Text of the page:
In my view, a successful implementation of the strategy review would deepen the research-based knowledge underpinning the monetary policy strategy and thereby enhance the common understanding on policy stance within the Governing Council. The review process should thus contribute to better monetary policy decision making and likewise support consistent communication on the monetary policy stance.
Next, I shall discuss two particular policy issues that play a major role in relation to monetary policy and the ECB decision-making. First, macropudential policy; second, the policy mix with fiscal policy.
Macroprudential policy as the second pillar of central banking
Post-crisis, macroprudential policy has become the second key pillar of central banking today, alongside monetary policy. Its guiding principle is that every country must find a macroprudential policy toolkit that is suitable for performing purposeful and well-targeted policies, and in general these toolkits should be made more comprehensive and wide-ranging than today. However, macroprudential toolkits are insufficient in many countries due to ongoing structural changes, like the growth of the non-bank financial sector and non-traditional loan products.
For instance, the traditional dominance of banks as providers of credit and finance has started to weaken. The growth of the non-bank financial sector has taken different speeds and forms in different countries and regions. A case in point is China, where the size of the non-bank financial sector was about 10% of annual GDP a decade ago. Now its size is over 100%.
Furthermore, we should not neglect the effects of certain global megatrends on macroprudential risks. For instance, rapidly expanding urbanisation is widening the regional differences in local housing markets and creating house price bubbles in some of the fastest growing cities. Digitalisation is creating previously unknown challenges to macroprudential policies. With the emergence of new players like FinTech and especially BigTech companies, new types of credit channels and changes in interconnectedness are affecting systemic risks in finance. And one of the even too “hot” topics in the macroprudential field is the long-term impact of global warming on financial stability. These will call urgent and focused attention by macroprudential policymakers.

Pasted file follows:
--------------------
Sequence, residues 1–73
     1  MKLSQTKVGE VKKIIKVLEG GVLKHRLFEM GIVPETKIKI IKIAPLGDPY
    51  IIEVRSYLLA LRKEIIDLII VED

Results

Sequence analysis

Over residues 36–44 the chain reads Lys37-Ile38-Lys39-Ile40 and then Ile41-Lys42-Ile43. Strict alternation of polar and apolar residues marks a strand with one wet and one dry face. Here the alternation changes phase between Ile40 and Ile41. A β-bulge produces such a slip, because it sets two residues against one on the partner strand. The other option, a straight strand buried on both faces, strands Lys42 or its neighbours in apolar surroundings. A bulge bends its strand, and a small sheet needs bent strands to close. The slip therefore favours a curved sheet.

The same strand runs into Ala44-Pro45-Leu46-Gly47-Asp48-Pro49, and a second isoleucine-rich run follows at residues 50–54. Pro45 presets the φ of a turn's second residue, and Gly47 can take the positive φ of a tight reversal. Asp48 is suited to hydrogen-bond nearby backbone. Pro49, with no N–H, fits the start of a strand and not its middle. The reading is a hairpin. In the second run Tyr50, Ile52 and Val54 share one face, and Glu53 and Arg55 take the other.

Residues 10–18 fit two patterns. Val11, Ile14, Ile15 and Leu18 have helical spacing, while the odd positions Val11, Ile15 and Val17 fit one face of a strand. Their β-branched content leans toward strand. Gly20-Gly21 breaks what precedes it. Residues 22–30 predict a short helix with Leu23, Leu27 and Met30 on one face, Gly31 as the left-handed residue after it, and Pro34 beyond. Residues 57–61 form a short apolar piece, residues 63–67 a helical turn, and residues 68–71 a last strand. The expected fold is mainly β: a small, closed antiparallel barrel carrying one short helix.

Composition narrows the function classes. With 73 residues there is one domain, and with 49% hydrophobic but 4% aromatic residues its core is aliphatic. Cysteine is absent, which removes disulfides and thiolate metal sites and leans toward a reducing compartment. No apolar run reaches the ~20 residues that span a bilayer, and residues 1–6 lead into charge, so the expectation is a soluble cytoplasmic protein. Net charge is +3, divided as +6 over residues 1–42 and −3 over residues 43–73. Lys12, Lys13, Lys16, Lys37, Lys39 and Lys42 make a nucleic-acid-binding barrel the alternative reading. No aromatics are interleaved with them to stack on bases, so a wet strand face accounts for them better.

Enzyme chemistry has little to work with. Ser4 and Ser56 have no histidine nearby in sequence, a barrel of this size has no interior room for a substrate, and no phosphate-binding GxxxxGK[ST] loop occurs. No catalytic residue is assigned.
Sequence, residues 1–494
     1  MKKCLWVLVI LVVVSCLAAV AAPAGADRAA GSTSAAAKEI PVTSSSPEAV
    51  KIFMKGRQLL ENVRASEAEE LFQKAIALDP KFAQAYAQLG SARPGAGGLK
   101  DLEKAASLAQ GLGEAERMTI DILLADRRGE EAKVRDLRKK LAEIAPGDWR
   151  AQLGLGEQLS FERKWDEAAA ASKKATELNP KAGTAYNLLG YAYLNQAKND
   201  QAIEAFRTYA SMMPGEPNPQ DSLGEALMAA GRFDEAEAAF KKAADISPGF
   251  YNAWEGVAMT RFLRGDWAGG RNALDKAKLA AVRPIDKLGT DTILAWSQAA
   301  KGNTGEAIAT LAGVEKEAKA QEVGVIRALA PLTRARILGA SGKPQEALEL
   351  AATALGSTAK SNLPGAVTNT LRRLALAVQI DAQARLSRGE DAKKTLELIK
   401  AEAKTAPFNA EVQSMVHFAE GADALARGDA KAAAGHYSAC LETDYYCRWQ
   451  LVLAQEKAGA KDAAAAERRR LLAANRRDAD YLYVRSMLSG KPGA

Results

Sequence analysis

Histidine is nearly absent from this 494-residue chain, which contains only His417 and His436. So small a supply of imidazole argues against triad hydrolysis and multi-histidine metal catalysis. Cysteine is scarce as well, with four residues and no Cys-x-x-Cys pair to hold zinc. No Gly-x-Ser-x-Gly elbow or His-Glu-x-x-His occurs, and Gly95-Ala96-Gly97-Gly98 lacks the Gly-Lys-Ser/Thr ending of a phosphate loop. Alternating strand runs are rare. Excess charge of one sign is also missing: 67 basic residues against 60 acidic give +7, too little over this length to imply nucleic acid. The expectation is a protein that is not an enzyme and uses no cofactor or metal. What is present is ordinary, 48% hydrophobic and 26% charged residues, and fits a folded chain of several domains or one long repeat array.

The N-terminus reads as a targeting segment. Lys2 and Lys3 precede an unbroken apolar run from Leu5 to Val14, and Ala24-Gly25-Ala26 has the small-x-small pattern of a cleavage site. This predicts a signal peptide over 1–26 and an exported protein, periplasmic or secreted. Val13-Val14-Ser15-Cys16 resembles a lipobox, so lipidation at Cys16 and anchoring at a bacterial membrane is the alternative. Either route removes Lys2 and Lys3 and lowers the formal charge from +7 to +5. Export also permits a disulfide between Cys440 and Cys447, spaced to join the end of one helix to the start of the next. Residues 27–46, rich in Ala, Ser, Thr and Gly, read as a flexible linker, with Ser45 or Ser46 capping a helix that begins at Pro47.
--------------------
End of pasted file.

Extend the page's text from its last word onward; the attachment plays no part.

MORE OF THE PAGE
Meanwhile, I find the debate on whether macroprudential policy should be formally part of the central banks’ mandate as mostly exegetic, even theological – macroprudential policy is de facto the second pillar now, and de jure this fact has in Europe been anchored in the EU’s secondary legislation, both as to the role of the financial supervisory authorities in the member states, and of the European Systemic Risk Board.
Need for a better policy mix
Moreover, many of the challenges we face are beyond the mandates of central banks. Better policy coordination – or policy mix – is key for better economic outcomes, especially since the monetary policy space is limited.
The challenges in the domain of governments and fiscal authorities are both long- and short-term in nature. Good examples of long-term structural issues are competitiveness and climate change. To deal with them, structural reforms need to be harnessed to boost productivity and the euro area’s growth potential and to reduce structural unemployment.
Fiscal policy can affect economic activity in the short term. That’s why automatic stabilisers should be able to play their full role. Moreover, while euro area economies have different fiscal constraints, fiscal measures should be actively pursued in countries where fiscal space is available. Such measures should be aimed at growth-enhancing public investment.
In this endeavour, further development of the euro area financial architecture plays an important role. We need to finalise the Banking Union and make true progress with the Capital Markets Union.
Moreover, sustainable finance will play a major role in the development of European capital markets. The European green bond market is the single largest green bond market in the world and the European Investment Bank is one of the largest multilateral providers of climate finance worldwide.
Ladies and Gentlemen,
To sum up: due to the prolonged pervasive uncertainty, we expect a period of slower growth – but no recession. Inflation is projected to remain subdued. That’s why monetary policy will remain accommodative for an extended period of time. Moreover, a strategy review is an opportunity to enhance common understanding and consistent communication on monetary policy. Concerning flanking policies, macroprudential policy needs to be active and widen its toolbox, and we need a better policy mix where fiscal policy and structural reforms carry more responsibility for productivity and growth, so that monetary policy will not be the only active player in the field. And finally, we need to intensify the reform of the euro area architecture to make it more resilient before the next recession.
Many thanks for your attention.